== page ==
Blindness Brings Kindness: The Win Win of a Visual Impairment

Track This Blog By E-mail

After reading peer advisor Sheila Rousey’s post for Random Acts of Kindness week, and the rewards that come from being open to the act of giving and receiving, I am reminded of how being visually-impaired is an unexpected gift we give to ourselves and to others.

woman,with white cane, holding hands sighted family member

Attracting Attention

As a person with Retinitis Pigmentosa (RP), I accept that carrying a long white cane attracts attention as if I am parading on the grand stage of life: curious stares bring a smile to my face as I stride out on a mission, or go out on a limb.

The overwhelming kindness I have experienced from people I have never met attracted to offer help as if by ‘magic’ on seeing my white cane amazes me.

Change of Heart

Once upon a time, I wouldn’t have held a white cane even to save my life, which it often does now. Back then, I felt embarrassed to let the world know I had a visual impairment, afraid of being seen as a burden to my family or to my community.

Years later, the change of heart came about from letting go of my own 'story' I had built around the image of using a cane. Once I really understood it was a tool for my independence and not a social hindrance, my world totally changed.

Not only have I learned to let go of self-doubt and accept my limitations with a visual impairment but my cane also ‘speaks’ of acceptance from my community.

The Cane Speaks the Language of Assistance

maribel,holding cane and getting help from sighted person in crossing street

Out of the shadow of a grey city street, a friendly voice inquires, "Can I help you?" Or a body-presence sidles up close and gently touches my arm, "Do you need any help?" At these moments of random kindness, I feel a great sense of privilege, for in a busy city where we are not expected to make eye contact with strangers, where people walk around to dodge each other’s path, who stare through windows on trains and who never speak to a fellow traveler: I am happy to say, my experience of interacting with those I have never met is richly different.

Instant Kindness

In an instant, I have the unexpected aid of a total stranger. Often I accept gladly, knowing how much easier it is to say yes to their practical offer to locate a building, the correct entrance or flight of stairs rather than soldier on alone. The surprising truth is that carrying my "magic cane" is like holding a jeweled sceptre which makes me feel as dignified as royalty – without the hounds of the paparazzi hot on my heels!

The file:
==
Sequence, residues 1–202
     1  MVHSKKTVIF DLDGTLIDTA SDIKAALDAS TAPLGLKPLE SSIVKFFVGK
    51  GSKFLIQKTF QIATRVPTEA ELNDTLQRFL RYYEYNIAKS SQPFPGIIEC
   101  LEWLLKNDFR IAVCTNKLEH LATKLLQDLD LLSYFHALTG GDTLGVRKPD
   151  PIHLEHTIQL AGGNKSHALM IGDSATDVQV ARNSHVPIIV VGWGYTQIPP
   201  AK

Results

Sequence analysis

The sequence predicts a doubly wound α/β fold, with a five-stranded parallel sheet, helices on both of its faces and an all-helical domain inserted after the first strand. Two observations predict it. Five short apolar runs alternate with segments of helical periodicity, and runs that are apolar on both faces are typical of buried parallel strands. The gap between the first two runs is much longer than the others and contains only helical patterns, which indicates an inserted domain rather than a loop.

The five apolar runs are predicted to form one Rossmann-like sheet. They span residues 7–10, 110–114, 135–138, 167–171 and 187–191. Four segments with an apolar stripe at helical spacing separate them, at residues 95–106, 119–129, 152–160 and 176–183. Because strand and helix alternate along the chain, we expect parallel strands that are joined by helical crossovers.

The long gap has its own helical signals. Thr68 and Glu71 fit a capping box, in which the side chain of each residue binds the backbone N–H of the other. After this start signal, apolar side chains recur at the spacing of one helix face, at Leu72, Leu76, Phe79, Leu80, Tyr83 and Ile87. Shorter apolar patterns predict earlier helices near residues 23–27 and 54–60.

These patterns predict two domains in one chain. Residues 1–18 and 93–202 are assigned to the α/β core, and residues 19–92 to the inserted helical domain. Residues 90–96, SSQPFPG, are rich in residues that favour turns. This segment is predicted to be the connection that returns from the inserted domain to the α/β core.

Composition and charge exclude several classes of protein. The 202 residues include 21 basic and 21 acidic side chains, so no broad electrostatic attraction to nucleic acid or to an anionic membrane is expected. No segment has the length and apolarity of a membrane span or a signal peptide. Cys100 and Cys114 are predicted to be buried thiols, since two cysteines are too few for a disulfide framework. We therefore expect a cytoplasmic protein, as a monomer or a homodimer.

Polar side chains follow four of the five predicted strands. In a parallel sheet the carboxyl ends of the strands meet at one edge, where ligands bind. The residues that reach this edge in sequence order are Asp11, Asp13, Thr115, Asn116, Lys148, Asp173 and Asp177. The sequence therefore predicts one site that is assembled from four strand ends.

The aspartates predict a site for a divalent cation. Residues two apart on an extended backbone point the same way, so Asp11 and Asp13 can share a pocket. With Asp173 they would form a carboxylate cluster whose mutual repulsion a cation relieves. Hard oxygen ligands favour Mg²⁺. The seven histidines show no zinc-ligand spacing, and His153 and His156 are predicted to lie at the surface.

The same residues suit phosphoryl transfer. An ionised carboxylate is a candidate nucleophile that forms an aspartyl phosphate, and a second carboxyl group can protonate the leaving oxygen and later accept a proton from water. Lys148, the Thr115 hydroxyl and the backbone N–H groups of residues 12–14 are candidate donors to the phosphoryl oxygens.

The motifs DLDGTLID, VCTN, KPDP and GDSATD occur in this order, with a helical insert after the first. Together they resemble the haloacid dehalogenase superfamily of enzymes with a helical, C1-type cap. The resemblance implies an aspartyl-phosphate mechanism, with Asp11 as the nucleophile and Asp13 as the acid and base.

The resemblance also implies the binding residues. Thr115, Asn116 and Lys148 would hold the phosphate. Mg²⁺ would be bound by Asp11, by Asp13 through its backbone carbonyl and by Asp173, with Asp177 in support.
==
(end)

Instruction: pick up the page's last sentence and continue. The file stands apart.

It Takes Two for a Win-Win

My blindness brings kindness from young mothers, from business men, from foreign tourists, from tram drivers, from waiters, from shop keepers and would you believe, occasionally even from a person a little under the influence of alcohol. When we allow others to offer their generous spirit to help solve a problem, we are allowing them to receive a sense of joy too. You can hear it in their voice. Their kind tone assures you that their eagerness to help is a genuine pleasure. The giving and receiving in the act of kindness brings a sense of purpose to their life, no matter how brief the encounter.

Touching Moments

An unexpected touching moment came one day when a security guard who offered to walk with me through a maze of corridors, stairs and elevators of a city building to help me locate the right office, was only too happy to escort me safely through human traffic to give him a legitimate excuse to have a coffee break. At touching moments like these, I can’t help but wonder if this is the unexpected gift being blind or visually-impaired brings to our lives and to those we meet?

The opportunity to trust in each other’s act of random kindness has the potential to turn a life around in ways we may never know. To those who bestow their kindness on humanity, I really Thank You!


Topics:
Personal Reflections
Getting Around
Independence

Follow Us:

Blog Archive Browse Archive

Join Our Mission

Help us expand our resources for people with vision loss.